The majority of E2F-regulated genes encode proteins that are involved in DNA replication and in cell cycle progression (27, 72). These genes include DNA polymerase α (60), thymidine kinase (18), HsOrc1 (58), dihydrofolate reductase (7, 50, 71), cyclin A (35, 67), cyclin E (9, 22, 59), p107 (82), B-Myb (44), CDC2 (14, 75), E2F-1 (33, 38, 56), and E2F-2 (68). At present it is not known how different E2F-DP complexes coordinate the expression of these genes. It is also relatively unclear which gene is regulated by which heterodimer in which phase of the cell cycle. However, several data suggest that during different phases of the cell cycle, specific subsets of E2F and DP are functionally present. Importantly, the E2F family members can be divided into two subgroups based on their ability to bind pocket proteins, transactivation capacity, structure, and expression during the cell cycle (for reviews, see references 2 and 72). E2F-1, -2, and -3 (one subgroup) are potent transactivators and bind preferentially to pRB (29, 45), whereas E2F-4 and -5 (the other subgroup) are weak transactivators which are able to bind all pocket proteins (3, 23, 31, 37, 51, 66). E2F-1, -2, and -3 are expressed mainly in late G1 and early S phase, while the expression of E2F-4 is constant during the cell cycle. Recently, it was reported that the members of the two subgroups can also be distinguished functionally: whereas E2F-1, -2, and -3 are capable of inducing S phase in quiescent fibroblasts, E2F-4 and E2F-5 are not (49). The functional difference between the two subgroups is a result of different subcellular localization for the E2Fs, which appears to regulate the activity of E2F-4 and E2F-5, but not the other E2Fs that are found in the nucleus when expressed (48, 53).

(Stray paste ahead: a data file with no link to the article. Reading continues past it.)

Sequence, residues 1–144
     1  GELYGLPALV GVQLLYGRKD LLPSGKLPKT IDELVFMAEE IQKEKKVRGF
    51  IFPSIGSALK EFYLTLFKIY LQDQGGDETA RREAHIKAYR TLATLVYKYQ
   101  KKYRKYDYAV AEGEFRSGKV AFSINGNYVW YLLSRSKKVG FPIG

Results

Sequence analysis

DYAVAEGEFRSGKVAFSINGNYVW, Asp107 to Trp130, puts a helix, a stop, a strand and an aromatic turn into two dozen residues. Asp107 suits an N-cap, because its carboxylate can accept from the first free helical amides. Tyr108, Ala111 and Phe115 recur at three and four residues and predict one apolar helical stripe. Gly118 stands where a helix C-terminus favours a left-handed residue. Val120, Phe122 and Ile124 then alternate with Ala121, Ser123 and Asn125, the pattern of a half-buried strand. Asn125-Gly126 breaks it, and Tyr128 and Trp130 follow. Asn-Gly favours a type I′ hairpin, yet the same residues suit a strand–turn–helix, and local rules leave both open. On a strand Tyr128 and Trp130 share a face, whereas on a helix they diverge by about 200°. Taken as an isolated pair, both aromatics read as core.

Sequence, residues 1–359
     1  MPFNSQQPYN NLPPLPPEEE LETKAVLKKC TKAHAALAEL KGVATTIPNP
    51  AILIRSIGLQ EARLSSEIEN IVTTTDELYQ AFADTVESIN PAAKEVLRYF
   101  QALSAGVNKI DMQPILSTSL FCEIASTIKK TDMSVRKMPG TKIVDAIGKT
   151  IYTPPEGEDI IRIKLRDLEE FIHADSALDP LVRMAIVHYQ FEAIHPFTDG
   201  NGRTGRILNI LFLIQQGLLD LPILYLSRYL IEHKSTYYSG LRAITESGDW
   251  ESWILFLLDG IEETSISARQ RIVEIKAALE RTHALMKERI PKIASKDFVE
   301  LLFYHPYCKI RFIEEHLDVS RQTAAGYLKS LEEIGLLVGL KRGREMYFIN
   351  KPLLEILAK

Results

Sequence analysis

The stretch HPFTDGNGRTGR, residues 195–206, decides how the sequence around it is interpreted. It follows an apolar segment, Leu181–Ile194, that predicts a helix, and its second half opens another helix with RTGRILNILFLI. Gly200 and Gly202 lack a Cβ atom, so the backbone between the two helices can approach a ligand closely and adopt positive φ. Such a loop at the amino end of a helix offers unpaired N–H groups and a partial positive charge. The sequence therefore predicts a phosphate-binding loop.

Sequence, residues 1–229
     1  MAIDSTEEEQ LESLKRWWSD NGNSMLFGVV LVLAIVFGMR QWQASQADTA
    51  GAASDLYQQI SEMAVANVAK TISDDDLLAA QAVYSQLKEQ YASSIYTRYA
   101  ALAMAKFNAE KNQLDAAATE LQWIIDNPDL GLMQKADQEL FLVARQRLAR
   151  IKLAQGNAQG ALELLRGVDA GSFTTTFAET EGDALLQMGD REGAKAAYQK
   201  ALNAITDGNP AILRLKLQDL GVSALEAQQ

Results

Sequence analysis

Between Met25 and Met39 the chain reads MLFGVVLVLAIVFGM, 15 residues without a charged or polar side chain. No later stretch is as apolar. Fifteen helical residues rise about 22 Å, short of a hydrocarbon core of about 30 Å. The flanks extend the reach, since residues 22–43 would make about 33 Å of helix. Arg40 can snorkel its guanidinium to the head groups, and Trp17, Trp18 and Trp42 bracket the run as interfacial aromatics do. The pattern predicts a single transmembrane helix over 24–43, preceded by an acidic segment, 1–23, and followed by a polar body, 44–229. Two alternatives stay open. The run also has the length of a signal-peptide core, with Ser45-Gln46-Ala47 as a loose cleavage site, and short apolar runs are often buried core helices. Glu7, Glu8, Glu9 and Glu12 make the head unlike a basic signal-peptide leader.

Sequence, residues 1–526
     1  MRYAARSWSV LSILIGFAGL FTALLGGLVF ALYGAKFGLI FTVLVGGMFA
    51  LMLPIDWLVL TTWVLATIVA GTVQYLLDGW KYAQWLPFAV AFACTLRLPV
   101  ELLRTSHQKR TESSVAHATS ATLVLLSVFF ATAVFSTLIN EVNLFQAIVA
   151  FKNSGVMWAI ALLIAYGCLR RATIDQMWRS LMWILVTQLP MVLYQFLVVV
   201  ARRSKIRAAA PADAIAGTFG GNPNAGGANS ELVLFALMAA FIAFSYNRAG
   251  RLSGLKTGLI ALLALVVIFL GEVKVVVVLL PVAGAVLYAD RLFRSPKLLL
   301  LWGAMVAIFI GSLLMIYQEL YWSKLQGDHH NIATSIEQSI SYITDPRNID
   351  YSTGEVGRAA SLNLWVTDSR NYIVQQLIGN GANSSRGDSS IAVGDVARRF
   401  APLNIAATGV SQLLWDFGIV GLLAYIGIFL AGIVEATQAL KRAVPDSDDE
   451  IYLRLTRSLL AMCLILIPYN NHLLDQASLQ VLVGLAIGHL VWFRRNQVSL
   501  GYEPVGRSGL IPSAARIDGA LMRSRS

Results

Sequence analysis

Although E2Fs have been reported to regulate several genes whose products participate in DNA replication (see above), it is clear that many of these genes are only marginally upregulated by deregulated E2F expression (15, 36, 76). Moreover, since most of the proteins participating in DNA replication are very stable, it is not clear why the transcription of these genes needs to be cell cycle regulated. None of the known gene products alone is able to induce S phase, suggesting that combinations of two or more products are needed or that the responsible and limiting targets which can regulate the initiation of DNA replication have not yet been identified.

In eukaryotes, the initiation of DNA replication is a highly regulated process which implicates a large number of proteins. These proteins are assembled at the origins of replication and form the prereplication complex (for reviews, see references 8, 16, 55, and 73). Most of our knowledge regarding the regulation of eukaryotic DNA replication stems from the budding yeast Saccharomyces cerevisiae, but a substantial amount of data has also been generated for Xenopus laevis and the fission yeast Schizosaccharomyces pombe as experimental systems. In S. cerevisiae, the origin of replication is bound by a set of proteins called the origin recognition complex (ORC). ORC is bound to the origin throughout the cell cycle and consists of six polypeptides (5) that are required for DNA replication and cell division. The prereplication complex is formed at the end of mitosis, and the complex formation is initiated by the association of Cdc6p with ORC (47), followed by the binding of another set of six related proteins, Mcm2 to Mcm7 (17, 74). After the complex formation, it is thought that components in the complex are phosphorylated by the S-phase CDKs (Clb5p or Clb6p in association with Cdc28p) and the Dbf4p/Cdc7p kinase, which leads to initiation of DNA replication (73).